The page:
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28TEACHINGVALUES SECTION 2 CELEBRATING THE VALUES THROUGH SYMBOL AND CEREMONY ATHLETES' OATH " IN THE NAME OF ALL COMPETITORS, I PROMISE THAT WE WILL TAKE PART IN THESE OLYMPIC GAMES, RESPECTING AND ABIDING BY THE RULES WHICH GOVERN THEM, IN THE TRUE SPIRIT OF SPORTSMANSHIP, COMMITTING OURSELVES TO A SPORT WITHOUT DOPING AND WITHOUT DRUGS, FOR THE GLORY OF SPORT AND THE HONOUR OF OUR TEAMS." During the Opening Ceremony, an athlete from the host country comes to the platform and reads the Oath on behalf of all athletes. Then an official or a judge reads a similar oath on behalf of the judges and officials. The Olympic oath was first used at the 1920 Olympic Games in Antwerp. CLOSING CEREMONY The Closing Ceremony signals the official end of the Olympic Games and is usually shorter and simpler than the Opening Ceremony. The sequence of events was formalised in 1956 ( see box, above right). THE MEDAL CEREMONY At the ancient Olympic Games, only the first place winners received awards – a simple wreath made from an olive tree branch that was cut with a gold- handled knife from a wild olive tree. The Greeks believed that the vitality of the sacred tree was transmitted to the recipient through the branch. At the modern Olympic Games, Olympic medals are presented to the first, second and third place athletes. A GOLD medal is presented for first place, SILVER for second and BRONZE for third. The host city is responsible for designing the medals within the guidelines set by the IOC. The national anthem of the first place winner is played as each medallist's national flag is raised. 2 Note: Athens presented olive wreaths to all medal winners, thus honouring the tradition of the ancient Olympic Games. AboveNagano 1998: Kenji Ogiwara ( JPN) taking the athlete's oath. Below Athens 2004: ( L- R) Hrysopiyi Devetzi ( GRE), Francoise Mbango Etone ( CMR), and Tatyana Lebedeva ( RUS) celebrate on the podium after the women's triple jump. 2 CLOSING CEREMONY ORDER OF EVENTS: Olympic athletes are not separated into national teams as they enter the stadium, to symbolise the unity and friendship of the Games. Three flags are raised to the national anthems – Greece, host country and next host country. Olympic flag passed to the Mayor of the next host city. President of the International Olympic Committee pronounces the Games closed: " I declare the Games of the ( current) Olympiad closed, and in accordance with tradition, I call upon the youth of the world to assemble four years from now at ( the site of the next Olympics), to celebrate with us there the Games of the ( next) Olympiad." Olympic flame is extinguished. Olympic flag is lowered as the Olympic anthem is played. Cultural entertainment by the Organising Committee of the host city.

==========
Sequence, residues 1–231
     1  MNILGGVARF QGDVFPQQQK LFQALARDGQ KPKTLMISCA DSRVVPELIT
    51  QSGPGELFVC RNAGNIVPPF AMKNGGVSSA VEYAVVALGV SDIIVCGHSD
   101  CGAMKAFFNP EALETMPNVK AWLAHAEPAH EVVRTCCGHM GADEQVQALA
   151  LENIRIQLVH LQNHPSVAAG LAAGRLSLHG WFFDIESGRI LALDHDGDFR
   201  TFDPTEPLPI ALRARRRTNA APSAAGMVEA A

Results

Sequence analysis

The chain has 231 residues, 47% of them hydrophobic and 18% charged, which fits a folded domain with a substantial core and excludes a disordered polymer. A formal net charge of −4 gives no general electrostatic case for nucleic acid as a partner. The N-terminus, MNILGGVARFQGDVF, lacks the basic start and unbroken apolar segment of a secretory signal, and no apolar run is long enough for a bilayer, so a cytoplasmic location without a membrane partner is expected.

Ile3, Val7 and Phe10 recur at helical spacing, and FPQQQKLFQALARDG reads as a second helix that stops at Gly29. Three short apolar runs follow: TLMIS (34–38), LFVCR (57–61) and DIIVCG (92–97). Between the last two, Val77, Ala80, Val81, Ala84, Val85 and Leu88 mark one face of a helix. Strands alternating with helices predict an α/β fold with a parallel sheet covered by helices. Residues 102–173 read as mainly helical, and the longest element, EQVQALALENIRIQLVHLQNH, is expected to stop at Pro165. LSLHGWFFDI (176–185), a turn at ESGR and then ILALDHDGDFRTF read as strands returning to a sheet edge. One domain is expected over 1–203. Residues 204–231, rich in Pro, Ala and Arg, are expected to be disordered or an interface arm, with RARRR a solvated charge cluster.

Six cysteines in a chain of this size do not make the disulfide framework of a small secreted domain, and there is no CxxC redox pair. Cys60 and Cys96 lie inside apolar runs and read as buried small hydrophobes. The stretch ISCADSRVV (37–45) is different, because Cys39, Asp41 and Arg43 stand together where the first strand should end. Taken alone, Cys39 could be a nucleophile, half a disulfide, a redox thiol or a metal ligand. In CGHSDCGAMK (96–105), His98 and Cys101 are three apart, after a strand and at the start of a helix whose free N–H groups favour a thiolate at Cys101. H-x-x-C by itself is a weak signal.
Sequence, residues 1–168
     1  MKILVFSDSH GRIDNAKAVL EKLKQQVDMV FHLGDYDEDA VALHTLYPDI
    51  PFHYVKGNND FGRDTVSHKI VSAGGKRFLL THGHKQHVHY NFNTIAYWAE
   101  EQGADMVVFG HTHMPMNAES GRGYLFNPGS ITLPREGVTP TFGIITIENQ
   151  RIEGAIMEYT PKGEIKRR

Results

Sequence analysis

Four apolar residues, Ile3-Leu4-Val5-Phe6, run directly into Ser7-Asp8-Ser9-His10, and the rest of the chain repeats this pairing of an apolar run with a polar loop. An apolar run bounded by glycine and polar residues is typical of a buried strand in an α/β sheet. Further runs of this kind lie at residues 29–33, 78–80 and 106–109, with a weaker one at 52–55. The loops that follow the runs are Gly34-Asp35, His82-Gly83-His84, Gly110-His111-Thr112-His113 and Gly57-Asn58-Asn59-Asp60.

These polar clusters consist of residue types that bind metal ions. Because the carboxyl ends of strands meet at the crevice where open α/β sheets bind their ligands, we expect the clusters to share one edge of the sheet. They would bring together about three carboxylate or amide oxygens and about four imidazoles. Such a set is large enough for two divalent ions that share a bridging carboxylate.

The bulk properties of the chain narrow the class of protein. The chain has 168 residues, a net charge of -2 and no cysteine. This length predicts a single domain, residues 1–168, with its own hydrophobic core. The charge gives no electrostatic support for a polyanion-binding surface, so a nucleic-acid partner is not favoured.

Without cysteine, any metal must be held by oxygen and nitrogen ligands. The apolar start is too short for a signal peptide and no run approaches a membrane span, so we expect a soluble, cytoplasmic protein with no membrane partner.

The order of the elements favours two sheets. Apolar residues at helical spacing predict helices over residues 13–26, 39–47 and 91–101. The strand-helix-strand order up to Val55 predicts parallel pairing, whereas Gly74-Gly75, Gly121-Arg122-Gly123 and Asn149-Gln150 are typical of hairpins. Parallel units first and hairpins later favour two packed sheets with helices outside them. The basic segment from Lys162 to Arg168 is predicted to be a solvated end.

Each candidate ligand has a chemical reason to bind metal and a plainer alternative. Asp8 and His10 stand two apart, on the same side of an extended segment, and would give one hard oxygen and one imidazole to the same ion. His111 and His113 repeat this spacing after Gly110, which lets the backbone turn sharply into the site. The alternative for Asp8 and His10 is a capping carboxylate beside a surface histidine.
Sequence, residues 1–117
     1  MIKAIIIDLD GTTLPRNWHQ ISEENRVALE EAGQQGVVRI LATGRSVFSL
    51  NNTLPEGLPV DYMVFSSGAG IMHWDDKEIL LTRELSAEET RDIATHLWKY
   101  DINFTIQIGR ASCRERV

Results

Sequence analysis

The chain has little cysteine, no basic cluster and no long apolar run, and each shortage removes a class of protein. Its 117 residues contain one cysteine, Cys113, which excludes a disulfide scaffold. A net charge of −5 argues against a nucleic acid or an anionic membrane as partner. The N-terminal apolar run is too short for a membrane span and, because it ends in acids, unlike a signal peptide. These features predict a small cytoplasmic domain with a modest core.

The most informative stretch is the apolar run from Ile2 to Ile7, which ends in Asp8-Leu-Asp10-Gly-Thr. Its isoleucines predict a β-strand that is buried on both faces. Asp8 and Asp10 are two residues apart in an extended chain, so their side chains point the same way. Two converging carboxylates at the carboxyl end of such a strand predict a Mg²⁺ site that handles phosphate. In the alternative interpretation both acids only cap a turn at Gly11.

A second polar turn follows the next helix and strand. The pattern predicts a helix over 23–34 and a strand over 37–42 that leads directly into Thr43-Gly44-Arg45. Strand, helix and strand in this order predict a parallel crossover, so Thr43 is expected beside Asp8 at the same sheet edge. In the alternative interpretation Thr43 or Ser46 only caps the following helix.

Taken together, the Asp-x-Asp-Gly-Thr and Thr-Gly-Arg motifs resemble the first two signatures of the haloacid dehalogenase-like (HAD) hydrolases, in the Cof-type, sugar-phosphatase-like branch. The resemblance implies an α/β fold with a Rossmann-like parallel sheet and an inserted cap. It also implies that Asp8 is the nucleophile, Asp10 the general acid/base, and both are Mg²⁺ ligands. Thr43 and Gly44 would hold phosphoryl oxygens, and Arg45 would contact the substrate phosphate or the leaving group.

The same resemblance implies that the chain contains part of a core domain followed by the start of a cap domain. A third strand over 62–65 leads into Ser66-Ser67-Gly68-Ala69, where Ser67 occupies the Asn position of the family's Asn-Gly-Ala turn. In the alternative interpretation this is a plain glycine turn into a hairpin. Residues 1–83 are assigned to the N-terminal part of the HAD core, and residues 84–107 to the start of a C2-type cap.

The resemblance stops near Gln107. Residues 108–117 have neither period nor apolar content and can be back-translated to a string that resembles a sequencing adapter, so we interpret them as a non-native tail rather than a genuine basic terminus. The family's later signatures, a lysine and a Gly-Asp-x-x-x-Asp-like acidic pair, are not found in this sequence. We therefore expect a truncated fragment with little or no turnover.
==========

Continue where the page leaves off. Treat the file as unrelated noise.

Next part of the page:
TEACHING VALUES29 LINKEDBYTHERINGS: THEOLYMPIC SYMBOL TEACHING VALUES AN OLYMPIC EDUCATION TOOLKIT SECTION 2 CELEBRATING THE VALUES THROUGH SYMBOL AND CEREMONY Above The Olympic Rings. BEFORE YOU READ – QUESTIONS TO ASK Have you seen the Olympic Rings before? Where? What do they look like? What do you think they mean? USE THIS ACTIVITY TO INTRODUCE THE IDEA OF SYMBOLS. USE THE OLYMPIC SYMBOL AS A WAY OF INTRODUCING THE VALUES OF THE OLYMPIC MOVEMENT. READING Look at the five rings. They are joined together like a chain. You will see them everywhere on TV during an Olympic Games. These five rings are the symbol of the Olympic Games in all of the world. The colours of the top three rings are blue, black and red ( going from the left- hand side to the right- hand side). The bottom rings are yellow and green. One of these colours is found in the flag of every country in the world. Some people say that the five rings represent friendship among the people on the five large continents of the world. What do you say? FOR DISCUSSION Pierre de Coubertin, the founder of the Olympic Games designed this symbol 100 years ago. Do you think it is a good symbol for the Olympic Games? Why or why not? Symbols and colours mean different things in different cultures. What does BLACK mean ( symbolise)? What does WHITE mean? What does RED mean? • in an Asian culture • in a European culture • in an African culture